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What is collaborative law and how does it relate to divorce?

A traditional divorce happens in a courtroom. Readers of this Virginia-based family law blog may know others or may themselves have had the experience of sitting across from their exes and working with a judge and their attorneys to resolve their divorce-related matters.

When divorces are litigated, it is often left up to the judges to make the final determinations of just how the parties’ conflicts should be worked out.

A collaborative divorce does not happen in a courtroom. In fact, collaborative divorces do not involve judges significantly. Rather, when the parties decide that they do not want to take the traditional path to divorce and would like to retain additional control over the outcome of their divorce negotiations, they may choose to resolve those matters collaboratively in a non-adversarial setting.

Collaborative law attorneys play an important role in the collaborative divorce process. Despite the fact that there is no judge, parties to collaborative divorces still must advocate for their needs and preferences when settling matters related to property division, child custody and support, and alimony. Their attorney remains a dedicated supporter of them and their needs all while helping them find common ground on which to base their end-of-marriage negotiations.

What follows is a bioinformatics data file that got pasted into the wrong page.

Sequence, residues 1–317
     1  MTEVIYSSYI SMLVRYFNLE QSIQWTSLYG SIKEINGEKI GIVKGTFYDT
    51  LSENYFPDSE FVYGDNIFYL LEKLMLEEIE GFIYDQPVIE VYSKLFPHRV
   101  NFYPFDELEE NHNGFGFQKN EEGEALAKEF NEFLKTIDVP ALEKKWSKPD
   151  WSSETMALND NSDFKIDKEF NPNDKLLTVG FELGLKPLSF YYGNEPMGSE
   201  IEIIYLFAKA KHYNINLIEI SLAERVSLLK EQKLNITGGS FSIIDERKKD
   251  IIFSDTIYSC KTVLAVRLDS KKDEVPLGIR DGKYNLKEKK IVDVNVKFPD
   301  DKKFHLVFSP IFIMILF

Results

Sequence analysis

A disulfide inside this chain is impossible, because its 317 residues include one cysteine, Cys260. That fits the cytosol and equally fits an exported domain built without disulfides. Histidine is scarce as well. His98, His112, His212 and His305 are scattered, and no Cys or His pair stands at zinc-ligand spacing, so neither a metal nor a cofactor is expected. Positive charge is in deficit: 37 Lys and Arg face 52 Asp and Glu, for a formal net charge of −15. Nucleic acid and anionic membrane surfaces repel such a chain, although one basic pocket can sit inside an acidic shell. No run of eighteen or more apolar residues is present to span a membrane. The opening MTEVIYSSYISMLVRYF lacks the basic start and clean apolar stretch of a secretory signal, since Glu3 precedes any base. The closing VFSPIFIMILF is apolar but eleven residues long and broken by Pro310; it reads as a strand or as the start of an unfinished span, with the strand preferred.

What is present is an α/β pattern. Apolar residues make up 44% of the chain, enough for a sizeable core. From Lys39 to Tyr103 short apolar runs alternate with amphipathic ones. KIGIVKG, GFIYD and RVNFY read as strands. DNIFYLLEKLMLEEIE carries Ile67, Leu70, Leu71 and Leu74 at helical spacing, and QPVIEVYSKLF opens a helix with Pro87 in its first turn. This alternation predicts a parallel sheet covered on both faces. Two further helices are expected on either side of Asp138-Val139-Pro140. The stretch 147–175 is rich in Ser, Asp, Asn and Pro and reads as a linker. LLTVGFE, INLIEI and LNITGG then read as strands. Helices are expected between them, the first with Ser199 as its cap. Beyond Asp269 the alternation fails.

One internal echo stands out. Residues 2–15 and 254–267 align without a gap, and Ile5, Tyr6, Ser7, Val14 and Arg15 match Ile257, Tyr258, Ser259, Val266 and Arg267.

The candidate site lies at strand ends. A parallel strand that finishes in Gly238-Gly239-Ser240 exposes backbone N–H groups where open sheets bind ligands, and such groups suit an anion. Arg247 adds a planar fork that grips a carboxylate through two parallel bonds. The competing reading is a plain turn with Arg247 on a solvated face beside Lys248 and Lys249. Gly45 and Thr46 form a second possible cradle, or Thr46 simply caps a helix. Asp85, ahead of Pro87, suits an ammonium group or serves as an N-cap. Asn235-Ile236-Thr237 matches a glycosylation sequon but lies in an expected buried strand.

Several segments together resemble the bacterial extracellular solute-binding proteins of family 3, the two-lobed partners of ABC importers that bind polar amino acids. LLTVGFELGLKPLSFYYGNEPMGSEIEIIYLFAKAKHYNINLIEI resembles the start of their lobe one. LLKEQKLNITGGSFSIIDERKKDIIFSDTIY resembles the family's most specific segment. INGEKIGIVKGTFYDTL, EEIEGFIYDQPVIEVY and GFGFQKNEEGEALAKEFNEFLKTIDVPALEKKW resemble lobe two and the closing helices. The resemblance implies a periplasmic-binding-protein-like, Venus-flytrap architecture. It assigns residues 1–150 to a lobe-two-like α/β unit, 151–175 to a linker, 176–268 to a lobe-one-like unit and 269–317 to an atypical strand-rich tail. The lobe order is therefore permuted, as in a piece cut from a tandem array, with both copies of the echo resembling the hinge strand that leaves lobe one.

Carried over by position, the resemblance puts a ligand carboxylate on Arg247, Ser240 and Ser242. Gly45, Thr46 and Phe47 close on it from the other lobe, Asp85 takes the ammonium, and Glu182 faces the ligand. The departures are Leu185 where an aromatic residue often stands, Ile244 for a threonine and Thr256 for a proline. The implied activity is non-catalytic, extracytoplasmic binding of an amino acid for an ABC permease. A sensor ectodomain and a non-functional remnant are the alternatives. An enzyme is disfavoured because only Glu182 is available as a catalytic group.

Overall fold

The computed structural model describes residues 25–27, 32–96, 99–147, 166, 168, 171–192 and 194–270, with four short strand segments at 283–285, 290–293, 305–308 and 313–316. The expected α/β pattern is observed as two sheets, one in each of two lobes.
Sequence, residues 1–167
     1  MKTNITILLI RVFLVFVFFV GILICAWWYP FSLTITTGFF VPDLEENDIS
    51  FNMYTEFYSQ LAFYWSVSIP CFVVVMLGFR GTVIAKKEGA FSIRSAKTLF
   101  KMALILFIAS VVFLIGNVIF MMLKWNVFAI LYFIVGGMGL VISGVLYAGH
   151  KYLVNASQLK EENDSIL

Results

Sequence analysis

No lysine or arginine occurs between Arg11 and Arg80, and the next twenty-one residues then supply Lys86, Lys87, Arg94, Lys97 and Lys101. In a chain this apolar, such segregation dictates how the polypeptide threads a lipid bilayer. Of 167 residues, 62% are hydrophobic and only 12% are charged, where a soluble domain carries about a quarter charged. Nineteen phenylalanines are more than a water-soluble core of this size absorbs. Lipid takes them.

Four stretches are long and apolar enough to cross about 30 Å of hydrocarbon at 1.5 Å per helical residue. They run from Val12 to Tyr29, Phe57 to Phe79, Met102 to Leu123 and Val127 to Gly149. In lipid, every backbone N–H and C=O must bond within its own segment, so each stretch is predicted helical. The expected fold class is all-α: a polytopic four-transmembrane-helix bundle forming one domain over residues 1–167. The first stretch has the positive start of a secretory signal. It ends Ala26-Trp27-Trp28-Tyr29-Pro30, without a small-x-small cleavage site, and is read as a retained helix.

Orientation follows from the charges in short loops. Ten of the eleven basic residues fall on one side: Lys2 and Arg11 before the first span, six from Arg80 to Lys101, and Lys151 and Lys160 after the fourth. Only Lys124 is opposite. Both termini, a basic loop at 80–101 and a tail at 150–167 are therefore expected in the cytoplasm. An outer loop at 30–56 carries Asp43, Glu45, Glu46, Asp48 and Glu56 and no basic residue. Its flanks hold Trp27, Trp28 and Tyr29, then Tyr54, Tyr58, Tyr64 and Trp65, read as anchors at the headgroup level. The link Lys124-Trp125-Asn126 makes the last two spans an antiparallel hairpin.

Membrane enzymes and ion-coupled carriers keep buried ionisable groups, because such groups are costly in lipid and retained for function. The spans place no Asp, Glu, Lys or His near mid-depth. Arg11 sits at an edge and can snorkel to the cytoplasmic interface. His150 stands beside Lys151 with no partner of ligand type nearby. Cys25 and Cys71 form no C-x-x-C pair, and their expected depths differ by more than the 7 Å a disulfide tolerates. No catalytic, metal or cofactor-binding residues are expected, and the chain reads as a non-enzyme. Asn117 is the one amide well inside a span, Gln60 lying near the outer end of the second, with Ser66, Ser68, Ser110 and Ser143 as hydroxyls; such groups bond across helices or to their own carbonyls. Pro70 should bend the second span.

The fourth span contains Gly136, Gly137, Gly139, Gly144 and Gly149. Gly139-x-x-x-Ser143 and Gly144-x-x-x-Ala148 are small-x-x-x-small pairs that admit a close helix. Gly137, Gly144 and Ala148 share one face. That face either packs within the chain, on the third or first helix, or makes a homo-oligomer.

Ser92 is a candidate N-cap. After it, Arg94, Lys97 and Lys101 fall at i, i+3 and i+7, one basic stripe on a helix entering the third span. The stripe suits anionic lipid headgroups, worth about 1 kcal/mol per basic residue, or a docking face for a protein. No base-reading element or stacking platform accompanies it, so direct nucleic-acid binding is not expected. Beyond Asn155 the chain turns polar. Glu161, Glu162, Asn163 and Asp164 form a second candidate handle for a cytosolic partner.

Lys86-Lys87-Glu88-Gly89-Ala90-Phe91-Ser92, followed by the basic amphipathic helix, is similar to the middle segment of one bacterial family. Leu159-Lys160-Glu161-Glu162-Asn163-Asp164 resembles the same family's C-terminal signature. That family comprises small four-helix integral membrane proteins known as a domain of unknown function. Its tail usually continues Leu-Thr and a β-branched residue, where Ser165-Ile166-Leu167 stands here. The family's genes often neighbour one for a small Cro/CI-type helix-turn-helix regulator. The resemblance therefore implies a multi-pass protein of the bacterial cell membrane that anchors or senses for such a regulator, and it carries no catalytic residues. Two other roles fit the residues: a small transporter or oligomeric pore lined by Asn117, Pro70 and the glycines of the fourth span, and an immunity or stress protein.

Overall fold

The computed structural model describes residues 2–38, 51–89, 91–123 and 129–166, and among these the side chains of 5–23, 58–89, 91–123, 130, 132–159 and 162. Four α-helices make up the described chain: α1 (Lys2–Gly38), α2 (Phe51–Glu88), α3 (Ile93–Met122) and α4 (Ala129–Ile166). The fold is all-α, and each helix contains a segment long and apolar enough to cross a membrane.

Not every couple that goes through divorce will be able to manage collaboration. In situations where there is an unequal balance of power between the parties, collaborative divorce may be ineffective. When parties wish to learn more about how collaboration may support their interests and help them avoid the conflicts of traditional litigated divorces, they can contact their trusted collaborative law attorneys for further guidance.

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